Meghan Markle will become a member of the royal family in one month, but back in 2005, she was just a clerk at Paper Source with beautiful handwriting. Even then, though, she was apparently giving off royal-to-be vibes, at least as far as Paula Patton is concerned.
Speaking to Entertainment Tonight, Patton recalled that they had met at the store when she asked Markle to write the addresses on the envelopes of her wedding invitations to now ex-husband Robin Thicke.
"She had this beautiful writing," Patton told Entertainment Tonight. "That moment I feel like I said something to her. Like, 'You are meant to be royal' ... She was just so graceful and lovely, and actually really kind."
Patton wasn't the only one in awe of the pen-slinging abilities of the future duchess. Last month, Paper Source CEO Winnie Park told People that Markle's calligraphy skills were so good, she was paid to teach customers how to do it. “It was her part-time job as she was going through auditions," Park told the outlet. "She taught calligraphy and hosted a group of customers and instructed them during a two-hour class on how to do calligraphy.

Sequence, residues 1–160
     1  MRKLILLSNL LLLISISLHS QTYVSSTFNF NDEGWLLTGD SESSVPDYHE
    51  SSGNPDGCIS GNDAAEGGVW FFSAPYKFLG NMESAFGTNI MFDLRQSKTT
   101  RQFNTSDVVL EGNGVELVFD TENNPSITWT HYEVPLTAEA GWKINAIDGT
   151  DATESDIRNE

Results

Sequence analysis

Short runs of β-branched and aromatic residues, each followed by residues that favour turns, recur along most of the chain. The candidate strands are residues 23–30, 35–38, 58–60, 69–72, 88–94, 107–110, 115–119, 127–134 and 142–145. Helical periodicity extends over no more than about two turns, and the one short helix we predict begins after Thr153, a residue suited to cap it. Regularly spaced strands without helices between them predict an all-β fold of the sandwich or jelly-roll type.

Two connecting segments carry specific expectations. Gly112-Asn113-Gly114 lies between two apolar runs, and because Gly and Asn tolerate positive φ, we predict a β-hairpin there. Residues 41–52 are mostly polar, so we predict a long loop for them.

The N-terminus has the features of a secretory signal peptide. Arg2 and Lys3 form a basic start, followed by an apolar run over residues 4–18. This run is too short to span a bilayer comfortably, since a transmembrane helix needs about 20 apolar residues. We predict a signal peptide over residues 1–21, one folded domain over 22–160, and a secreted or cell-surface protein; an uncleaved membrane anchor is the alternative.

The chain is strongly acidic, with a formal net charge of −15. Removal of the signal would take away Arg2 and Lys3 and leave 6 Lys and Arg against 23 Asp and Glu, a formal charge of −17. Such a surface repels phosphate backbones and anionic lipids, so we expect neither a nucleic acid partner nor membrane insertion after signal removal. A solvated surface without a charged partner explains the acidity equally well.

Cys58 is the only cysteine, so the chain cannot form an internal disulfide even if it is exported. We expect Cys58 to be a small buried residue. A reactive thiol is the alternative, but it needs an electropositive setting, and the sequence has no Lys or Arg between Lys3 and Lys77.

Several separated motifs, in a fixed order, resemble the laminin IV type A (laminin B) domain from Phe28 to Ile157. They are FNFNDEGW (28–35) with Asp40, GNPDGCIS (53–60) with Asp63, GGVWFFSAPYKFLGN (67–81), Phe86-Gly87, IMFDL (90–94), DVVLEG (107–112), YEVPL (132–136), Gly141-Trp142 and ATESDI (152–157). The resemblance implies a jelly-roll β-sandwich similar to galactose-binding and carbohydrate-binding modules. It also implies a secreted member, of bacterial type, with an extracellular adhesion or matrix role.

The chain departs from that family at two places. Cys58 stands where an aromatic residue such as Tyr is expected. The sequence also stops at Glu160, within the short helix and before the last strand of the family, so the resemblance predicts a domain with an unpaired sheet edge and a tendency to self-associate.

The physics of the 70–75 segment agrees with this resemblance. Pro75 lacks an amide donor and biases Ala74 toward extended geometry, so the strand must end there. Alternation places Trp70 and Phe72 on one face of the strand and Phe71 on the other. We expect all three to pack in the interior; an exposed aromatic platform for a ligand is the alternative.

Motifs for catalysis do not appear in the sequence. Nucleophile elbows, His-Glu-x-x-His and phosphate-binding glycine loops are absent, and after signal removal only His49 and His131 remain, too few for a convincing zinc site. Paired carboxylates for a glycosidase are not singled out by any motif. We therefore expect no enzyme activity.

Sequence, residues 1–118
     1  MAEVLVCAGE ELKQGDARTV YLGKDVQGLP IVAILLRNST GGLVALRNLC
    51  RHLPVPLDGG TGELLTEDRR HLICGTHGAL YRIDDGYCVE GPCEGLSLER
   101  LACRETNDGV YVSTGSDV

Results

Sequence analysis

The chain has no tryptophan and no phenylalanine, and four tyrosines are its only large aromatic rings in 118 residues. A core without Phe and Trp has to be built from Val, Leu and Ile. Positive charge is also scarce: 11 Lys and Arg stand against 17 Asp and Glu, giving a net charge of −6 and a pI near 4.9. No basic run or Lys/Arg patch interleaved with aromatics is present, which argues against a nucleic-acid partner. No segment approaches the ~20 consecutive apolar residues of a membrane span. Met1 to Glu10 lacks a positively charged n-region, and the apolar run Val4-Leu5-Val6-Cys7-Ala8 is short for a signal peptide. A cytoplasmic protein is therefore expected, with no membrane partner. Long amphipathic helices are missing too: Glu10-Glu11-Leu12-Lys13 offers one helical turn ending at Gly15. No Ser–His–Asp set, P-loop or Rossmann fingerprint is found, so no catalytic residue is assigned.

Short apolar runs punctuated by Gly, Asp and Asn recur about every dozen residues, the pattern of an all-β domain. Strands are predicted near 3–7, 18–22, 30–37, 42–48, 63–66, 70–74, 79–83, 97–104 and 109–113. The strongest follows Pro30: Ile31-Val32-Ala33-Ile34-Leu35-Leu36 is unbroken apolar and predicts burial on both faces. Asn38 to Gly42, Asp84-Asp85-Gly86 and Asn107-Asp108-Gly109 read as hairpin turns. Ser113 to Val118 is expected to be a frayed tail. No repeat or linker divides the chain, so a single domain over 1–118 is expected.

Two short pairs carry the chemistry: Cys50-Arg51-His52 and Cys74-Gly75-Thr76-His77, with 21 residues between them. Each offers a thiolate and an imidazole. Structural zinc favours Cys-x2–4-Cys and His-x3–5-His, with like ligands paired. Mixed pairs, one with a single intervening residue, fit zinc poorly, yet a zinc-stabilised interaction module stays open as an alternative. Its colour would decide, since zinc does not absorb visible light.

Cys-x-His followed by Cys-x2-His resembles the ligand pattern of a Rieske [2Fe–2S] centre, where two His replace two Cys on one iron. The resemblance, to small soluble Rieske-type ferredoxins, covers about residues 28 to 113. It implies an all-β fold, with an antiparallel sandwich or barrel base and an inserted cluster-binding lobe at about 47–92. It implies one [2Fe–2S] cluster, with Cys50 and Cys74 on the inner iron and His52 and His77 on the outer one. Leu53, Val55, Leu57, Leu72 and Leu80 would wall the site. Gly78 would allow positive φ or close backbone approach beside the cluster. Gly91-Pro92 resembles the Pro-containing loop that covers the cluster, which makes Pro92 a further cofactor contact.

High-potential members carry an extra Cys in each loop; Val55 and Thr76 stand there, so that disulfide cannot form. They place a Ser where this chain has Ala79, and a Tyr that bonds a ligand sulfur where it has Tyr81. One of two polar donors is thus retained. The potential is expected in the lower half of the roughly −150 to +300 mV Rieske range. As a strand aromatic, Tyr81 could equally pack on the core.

"She would have advised customers on projects—from wedding invitations to creating personalized stationary to gift-wrapping," Park added. "She has talked about being a big fan of custom stationary and think it's the best gift to give a friend."
Markle's love for calligraphy is no secret. "I think handwritten notes are a lost art form," she wrote on her now-defunct lifestyle blog, The Tig, per People. "When I booked my first [TV] pilot, my dad wrote me a letter that I still have. The idea of someone taking the time to put pen to paper is really special."
Unfortunately, the world will probably never see any royal wedding invites addressed in Markle's own writing. In March, the Kensington Palace Twitter account unveiled the wedding invitations, and they turned out to be gorgeous but machine-printed, with black script inked on gold-embossed ivory card stock.
But you never know—Markle did joke in a 2013 Esquire interview that she still had some old business cards in circulation. "What's funny is I probably still have some calligraphy business cards floating out in the world," she said to Esquire, per Us Weekly. "I can't wait for someone to call me in a month or something, and say, 'Can you please do these for my son's Bar Mitzvah?'" Seems like a job for a royal if you ask us.